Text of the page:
We would like to continue our countdown to World Refugee Day by highlighting our Somali community. Somalia is located on the east side of Africa on and above the equator, with an ample coastline. Its location and geographical features have contributed to the Somali ways of life, with three-fifths of the population following nomadic pastoralism across the vast flat region. Somalia also has a fishing sector because of its location on the coast, but piracy, climate change, and overfishing have negatively impacted the industry.
Photo by Retlaw Snellac Photography
Over 90 percent of the population is Somali, with groups such as Arabs and Italians in minority. Somalis are typically divided into clans, which are groups that trace their ancestry back to a common father. Clans can be subdivided into subclans, or combined to form clan families. The majority language is Somali, and there are many dialects used throughout Somalia. Arabic is the second official language of Somalia, which is more often used in the northern regions. English and Italian are less common but still occur due to Somalia’s colonial past. Ninety-nine percent of the Somali population identifies as Sunni Muslims, which can be seen in daily life. After the overthrow of the government in 1991, the remaining schools were typically Islamic or private.
Islam and indigenous beliefs combine to create a rich culture of oral tradition. Mythological stories and beliefs in astrology have been passed down since periods pre-dating Islam. Other cultural activities include poetry, folk dancing, and singing. Press, radio, and television, however, are censored and controlled by the government where they are available.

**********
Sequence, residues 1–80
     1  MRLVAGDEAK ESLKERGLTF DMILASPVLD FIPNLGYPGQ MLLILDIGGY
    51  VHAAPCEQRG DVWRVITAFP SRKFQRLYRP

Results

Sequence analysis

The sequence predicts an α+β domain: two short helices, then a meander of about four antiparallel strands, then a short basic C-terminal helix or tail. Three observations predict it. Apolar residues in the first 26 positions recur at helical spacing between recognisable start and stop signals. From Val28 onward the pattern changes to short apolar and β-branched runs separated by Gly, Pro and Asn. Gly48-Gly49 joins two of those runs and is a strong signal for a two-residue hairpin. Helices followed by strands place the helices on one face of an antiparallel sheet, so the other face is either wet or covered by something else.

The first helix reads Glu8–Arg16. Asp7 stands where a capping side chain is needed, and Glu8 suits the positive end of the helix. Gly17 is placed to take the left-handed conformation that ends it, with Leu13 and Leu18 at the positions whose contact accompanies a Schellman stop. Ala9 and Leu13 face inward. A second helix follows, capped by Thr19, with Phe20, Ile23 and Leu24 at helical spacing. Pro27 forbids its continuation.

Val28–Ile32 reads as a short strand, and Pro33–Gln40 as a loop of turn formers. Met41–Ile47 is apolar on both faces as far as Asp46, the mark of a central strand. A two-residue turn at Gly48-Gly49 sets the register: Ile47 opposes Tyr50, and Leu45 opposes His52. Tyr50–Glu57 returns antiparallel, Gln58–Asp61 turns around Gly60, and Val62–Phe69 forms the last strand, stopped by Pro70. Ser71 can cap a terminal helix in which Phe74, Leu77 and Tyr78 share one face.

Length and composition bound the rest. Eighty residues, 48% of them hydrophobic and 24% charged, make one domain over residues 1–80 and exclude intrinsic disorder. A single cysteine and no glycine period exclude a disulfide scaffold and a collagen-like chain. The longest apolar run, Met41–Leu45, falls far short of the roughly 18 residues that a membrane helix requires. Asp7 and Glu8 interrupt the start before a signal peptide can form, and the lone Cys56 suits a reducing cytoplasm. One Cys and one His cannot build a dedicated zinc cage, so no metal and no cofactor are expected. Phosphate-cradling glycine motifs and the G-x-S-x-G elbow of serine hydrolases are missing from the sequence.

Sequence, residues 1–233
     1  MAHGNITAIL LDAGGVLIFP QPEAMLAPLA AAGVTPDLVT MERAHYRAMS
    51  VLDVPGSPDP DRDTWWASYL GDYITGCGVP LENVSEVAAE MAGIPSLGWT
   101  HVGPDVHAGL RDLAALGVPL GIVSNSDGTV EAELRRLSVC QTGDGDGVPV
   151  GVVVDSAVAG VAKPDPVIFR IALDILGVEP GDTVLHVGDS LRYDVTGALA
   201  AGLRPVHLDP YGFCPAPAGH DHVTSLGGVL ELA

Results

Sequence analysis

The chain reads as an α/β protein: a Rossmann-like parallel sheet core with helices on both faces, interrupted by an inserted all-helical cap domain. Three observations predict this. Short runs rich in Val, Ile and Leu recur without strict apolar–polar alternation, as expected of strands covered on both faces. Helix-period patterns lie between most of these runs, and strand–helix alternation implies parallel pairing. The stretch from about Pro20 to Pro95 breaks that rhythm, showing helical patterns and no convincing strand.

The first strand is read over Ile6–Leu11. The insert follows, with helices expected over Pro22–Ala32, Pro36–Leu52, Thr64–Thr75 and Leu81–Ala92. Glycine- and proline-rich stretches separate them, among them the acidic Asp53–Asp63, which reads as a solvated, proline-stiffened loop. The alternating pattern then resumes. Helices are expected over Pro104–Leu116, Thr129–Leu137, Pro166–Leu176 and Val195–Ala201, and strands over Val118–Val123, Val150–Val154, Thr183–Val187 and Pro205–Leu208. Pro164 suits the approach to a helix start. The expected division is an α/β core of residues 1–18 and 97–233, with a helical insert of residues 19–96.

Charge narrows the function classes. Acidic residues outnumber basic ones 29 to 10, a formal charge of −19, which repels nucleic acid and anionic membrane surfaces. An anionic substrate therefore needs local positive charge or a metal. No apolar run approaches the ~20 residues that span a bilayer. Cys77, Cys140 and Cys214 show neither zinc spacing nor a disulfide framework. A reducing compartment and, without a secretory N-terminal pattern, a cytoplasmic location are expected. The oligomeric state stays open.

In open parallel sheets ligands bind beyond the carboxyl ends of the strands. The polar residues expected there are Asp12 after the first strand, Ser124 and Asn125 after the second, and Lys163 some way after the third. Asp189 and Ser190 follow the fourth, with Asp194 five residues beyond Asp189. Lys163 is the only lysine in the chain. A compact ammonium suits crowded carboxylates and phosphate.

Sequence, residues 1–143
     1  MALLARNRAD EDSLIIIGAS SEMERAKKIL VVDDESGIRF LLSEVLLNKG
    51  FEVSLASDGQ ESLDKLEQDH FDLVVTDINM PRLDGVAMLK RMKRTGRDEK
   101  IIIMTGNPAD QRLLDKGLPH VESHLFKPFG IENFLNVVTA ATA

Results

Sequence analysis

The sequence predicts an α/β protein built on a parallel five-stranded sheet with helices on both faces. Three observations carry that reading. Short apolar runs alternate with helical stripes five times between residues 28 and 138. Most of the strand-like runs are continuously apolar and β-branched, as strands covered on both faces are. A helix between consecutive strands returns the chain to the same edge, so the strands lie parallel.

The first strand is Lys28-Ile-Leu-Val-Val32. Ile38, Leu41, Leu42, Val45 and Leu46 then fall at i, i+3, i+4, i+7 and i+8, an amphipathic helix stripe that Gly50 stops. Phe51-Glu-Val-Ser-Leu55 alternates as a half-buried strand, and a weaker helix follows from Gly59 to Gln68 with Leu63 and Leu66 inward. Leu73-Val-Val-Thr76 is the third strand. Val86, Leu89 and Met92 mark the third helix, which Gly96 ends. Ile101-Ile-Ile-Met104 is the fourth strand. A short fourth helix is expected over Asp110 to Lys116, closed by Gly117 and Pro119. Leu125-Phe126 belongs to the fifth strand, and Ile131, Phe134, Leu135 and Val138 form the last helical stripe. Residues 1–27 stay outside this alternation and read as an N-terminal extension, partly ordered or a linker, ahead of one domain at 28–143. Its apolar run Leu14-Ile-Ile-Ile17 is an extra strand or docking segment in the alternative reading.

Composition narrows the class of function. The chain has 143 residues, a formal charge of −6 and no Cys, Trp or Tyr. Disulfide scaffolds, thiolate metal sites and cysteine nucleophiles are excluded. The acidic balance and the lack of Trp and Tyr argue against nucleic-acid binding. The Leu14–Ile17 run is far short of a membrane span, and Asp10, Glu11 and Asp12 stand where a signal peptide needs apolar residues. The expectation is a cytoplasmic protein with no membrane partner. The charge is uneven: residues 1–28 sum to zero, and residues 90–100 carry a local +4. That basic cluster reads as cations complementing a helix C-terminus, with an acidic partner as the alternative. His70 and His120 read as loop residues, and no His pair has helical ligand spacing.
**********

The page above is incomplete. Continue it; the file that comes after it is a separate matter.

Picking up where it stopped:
Somalia’s refugee crisis began after the outbreak of civil war in the 1990s. Mohamed Siad Barre ruled as a dictator from 1969 until 1991. Clans began engaging in guerilla warfare against the government in the 1970s and 80s as a response to the failed Ogaden War with Ethiopia. Civil war would eventually occur after a peace accord with Ethiopia in 1988 made the people feel betrayed. Even after the fall of Siad in 1991, Somalia was faced with more problems. The lack of a centralized government and continued violence carried on into the 21st century. Over the last 30 years, 750,000 people became refugees in neighboring countries such as Kenya and Yemen, while over 2.5 million people were internally displaced.
The past few years have become less violent, allowing over 90,000 people to return home. Although safer, other problems still plague Somalis. Food insecurity, dry conditions, and flooding are problems that must be addressed in order to help Somalis rebuild their lives.
This is only a broad overview of Somalia and the Somali refugee crisis, we encourage you to research more about the country and culture. If you are interested in learning more about Somalia and its history, we encourage you to watch Somalia: The Forgotten Story, available in English on Youtube.
Lewis, Ioan M., and Jörg H.A. Janzen. “Somalia.” Encyclopædia Britannica, Encyclopædia Britannica, Inc., 6 Dec. 2019, www.britannica.com/place/Somalia.
“Somalia Refugee Crisis Explained.” How to Help Refugees - Aid, Relief and Donations, www.unrefugees.org/news/somalia-refugee-crisis-explained/.